It is Andy’s eighteenth birthday and his mother Cora is delighted in the prospect of celebrating her only son’s growth into manhood. There is some tension however, as Andy wants to get to know his father – who apparently abandoned them to pursue an acting career – in addition to some trouble that he is having at school. Cora is utterly dedicated to her son – to the point of negating any potential she might have for a romantic life – and she doesn’t know why he is out late or having mood swings. One day, she is called into the principal’s office to talk about her son’s misbehaviour and…. it doesn’t go quite the way that you might think.
Cora finds herself confronting Kelly Withers, whose daughter got her fingernails ripped out by her son. The principal and teacher in the room are distantly, almost indulgently, downplaying Andy’s actions to the incredulity of both Cora and Kelly. At first, I was led to believe that this was an act of institutionalized racism as Kelly and presumably her daughter are Black. But there is just something particularly flat about the performance of both principal and teacher, almost to the point of it being a parody of normal human behaviour. It’s when Kelly leaves that the other actually praise her son’s actions and say that he will be someone “special” one day. There is something very clearly wrong here and it is seriously creeping Cora out: and you get this feeling that she actually knows what it is, but she just doesn’t want to admit it to herself.
It’s when the overly friendly mailman Chet reveals that he knows who Andy’s real father is, and the exact nature of his conception and birth – proud of the fact that he is doing his own part in contributing to the young man’s rise to power – that you can figure out where this has been, if not where it is going. It turns out that it really does take a village of cultists to raise a spawn. I would have liked it if there had been more about the cult, but this is a short film and it isn’t about them. It isn’t even about Andy’s father. It is about mother and son.
I find the ending to Her Only Living Son to be both fascinating and cathartic. You realize why Andy is so angry all the time, why he seems to be in so much pain. And Karyn Kusama takes us right past Rosemary’s Baby, past all the tropes of a mother killing her demonic child, or her monster child killing her, or the inevitable victory of him and his father over humankind, or even that of the powers of holiness over evil and it is about them. You see the power dynamic here. Andy is the child that Cora has raised for eighteen years that she has worked at a diner to support. She sacrificed her life for him to have a chance. Cora was manipulated and violated by her former husband to achieve his petty ends, and possibly raped by Andy’s father. Instead of abandoning or aborting Andy, she accepts and loves him as her son.
Andy, for his part, is torn with pain over who his father is, and the physical agony of his toe-nails becoming claws. He is changing and he knows it. There is one part where he uses his power to mentally dominate his mother and it is so tempting to write him off as his father’s son, as a monster. But when you see her love for him overcome those moments of her crawling on the floor towards him, you see that Andy isn’t in control. He is being used and manipulated by the dynamic of rape and dominance that made him: something that you realize he is fighting against because his mother loves him and it’s reciprocal. In the end, Cora shows the greatest strength and tells him that their life together is what made her believe in God and the forces of good. Their embrace isn’t enough to allow them to survive, but they die together and perhaps save each other in a more meaningful way: making their lives and the spirit of the anthology come full circle.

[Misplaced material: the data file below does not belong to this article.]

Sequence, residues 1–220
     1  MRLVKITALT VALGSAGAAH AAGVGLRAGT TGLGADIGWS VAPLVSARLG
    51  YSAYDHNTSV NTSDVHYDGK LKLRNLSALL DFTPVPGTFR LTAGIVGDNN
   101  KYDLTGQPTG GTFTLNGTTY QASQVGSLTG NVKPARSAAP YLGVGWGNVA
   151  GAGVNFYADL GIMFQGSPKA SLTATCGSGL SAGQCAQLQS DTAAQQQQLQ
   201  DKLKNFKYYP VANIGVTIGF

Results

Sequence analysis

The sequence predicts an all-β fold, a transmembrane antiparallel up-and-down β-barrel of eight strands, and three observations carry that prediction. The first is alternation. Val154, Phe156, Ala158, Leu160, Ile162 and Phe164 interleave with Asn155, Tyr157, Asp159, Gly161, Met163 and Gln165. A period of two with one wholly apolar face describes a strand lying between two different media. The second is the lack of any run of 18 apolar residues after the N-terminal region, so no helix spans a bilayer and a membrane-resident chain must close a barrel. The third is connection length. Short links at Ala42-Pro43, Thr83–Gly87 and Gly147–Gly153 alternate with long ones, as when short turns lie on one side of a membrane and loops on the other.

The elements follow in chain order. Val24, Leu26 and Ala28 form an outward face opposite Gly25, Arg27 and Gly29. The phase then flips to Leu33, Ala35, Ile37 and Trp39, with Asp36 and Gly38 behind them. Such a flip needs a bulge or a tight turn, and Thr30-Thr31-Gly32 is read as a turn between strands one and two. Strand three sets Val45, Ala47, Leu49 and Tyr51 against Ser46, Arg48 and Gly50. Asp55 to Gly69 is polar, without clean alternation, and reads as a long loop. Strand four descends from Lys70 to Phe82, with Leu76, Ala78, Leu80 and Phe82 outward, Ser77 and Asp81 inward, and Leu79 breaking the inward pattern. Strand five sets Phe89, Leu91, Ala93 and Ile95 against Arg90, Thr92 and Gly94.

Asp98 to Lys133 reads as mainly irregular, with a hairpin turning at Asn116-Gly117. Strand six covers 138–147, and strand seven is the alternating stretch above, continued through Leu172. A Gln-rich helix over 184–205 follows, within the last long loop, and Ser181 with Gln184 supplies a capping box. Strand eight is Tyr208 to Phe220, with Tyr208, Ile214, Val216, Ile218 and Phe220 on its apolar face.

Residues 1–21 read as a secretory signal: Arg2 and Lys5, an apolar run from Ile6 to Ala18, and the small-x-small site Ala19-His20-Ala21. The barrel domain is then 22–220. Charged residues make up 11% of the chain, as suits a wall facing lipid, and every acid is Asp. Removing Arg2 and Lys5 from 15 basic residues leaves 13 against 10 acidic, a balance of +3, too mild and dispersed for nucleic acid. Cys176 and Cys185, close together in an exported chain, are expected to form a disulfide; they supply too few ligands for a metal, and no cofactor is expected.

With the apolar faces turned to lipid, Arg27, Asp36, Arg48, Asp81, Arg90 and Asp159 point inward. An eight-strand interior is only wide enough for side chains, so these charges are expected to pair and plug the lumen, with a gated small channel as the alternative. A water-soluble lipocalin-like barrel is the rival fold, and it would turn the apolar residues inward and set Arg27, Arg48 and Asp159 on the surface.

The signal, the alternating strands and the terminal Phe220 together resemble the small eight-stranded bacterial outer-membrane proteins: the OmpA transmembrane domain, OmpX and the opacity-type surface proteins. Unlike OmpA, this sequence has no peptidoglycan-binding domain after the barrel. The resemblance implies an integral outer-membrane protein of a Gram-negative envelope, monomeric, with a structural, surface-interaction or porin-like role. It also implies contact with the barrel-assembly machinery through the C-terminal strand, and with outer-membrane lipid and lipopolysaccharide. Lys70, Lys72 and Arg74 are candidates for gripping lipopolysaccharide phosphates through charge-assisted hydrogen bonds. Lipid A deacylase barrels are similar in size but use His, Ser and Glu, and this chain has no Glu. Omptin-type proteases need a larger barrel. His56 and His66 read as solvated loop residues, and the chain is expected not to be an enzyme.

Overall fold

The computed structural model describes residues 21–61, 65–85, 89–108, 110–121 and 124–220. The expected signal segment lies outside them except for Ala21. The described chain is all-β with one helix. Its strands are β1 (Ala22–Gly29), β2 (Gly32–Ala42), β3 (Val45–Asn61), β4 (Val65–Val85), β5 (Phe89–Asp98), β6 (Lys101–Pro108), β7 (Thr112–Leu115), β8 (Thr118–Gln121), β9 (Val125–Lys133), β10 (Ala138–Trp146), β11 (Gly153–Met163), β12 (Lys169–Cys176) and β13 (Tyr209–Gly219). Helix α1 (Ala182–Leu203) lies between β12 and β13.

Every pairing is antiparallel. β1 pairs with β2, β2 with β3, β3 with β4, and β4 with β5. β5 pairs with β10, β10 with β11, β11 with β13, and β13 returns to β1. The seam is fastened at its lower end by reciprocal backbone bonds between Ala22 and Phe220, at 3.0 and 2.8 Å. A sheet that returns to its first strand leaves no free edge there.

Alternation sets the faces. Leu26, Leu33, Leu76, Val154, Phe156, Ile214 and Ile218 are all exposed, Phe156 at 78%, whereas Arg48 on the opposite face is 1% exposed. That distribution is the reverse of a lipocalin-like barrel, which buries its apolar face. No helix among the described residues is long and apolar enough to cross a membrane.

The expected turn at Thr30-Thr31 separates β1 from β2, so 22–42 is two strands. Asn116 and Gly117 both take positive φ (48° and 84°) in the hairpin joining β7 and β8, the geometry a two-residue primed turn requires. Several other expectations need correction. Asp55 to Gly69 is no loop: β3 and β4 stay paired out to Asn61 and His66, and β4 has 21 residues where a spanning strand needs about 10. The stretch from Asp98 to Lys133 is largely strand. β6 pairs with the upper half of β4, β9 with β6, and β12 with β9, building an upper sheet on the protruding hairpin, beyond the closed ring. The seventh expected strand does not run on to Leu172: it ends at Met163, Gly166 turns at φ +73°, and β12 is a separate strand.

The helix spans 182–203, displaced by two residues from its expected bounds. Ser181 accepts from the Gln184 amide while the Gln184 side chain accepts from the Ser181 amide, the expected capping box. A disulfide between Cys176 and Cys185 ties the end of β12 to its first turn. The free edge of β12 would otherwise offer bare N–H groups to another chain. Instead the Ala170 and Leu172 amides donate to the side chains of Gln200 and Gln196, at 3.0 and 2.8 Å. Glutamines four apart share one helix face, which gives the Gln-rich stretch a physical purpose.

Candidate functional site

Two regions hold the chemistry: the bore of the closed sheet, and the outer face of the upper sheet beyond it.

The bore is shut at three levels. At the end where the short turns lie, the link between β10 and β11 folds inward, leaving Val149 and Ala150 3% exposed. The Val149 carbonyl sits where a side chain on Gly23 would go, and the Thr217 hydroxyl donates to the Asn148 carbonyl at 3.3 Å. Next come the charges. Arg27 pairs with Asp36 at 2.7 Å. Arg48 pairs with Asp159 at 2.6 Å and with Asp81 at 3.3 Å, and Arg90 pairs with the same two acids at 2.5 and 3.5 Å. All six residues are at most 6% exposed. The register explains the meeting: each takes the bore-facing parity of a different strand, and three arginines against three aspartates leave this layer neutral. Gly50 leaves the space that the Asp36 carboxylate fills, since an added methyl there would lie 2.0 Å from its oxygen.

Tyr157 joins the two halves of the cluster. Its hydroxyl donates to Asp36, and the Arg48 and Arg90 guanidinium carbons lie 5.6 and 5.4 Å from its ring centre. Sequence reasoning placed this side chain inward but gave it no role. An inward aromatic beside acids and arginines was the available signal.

A little while back, I reviewed a horror documentary called Why Horror? by Tal Zimerman. While there was a lot that was interesting and insightful about the documentary, I felt that its focus on women in horror and their perspective was somewhat lacking at best, and it emphasized some supposed studies on female sexuality. One thing that I realized after watching XX is the fact that there was no sexuality or sexual content whatever in any of the films in this anthology. It looked at women as people and, in particular, at women in families. Family had, according to Jovanka Vuckovic, been an almost accidental unifying theme in XX. XX may not be a family movie, but definitely is family thematic, and you can see it through women and their siblings and their children and how their personalities affect their relations to those families under traumatic and even supernatural circumstances. Identity in all the films gets challenged or changed with different outcomes for each lead.
But I think this goes beyond just the five films and the best way to wrap it up is to look back at Sofia Carrillo’s stop motion segment. At the end of the anthology, we see a little girl get reanimated in her bed by the construct exploring the great and dusty doll’s house. As such, what I’d like to think, is that XX is an exploration of what it is like to be a woman in the horror genre and that this little stop motion clockwork girl represents the future of girls and women experiencing and re-appropriating horror for their own purposes. Certainly, after a work like XX, I’d like to see what more women can do from here.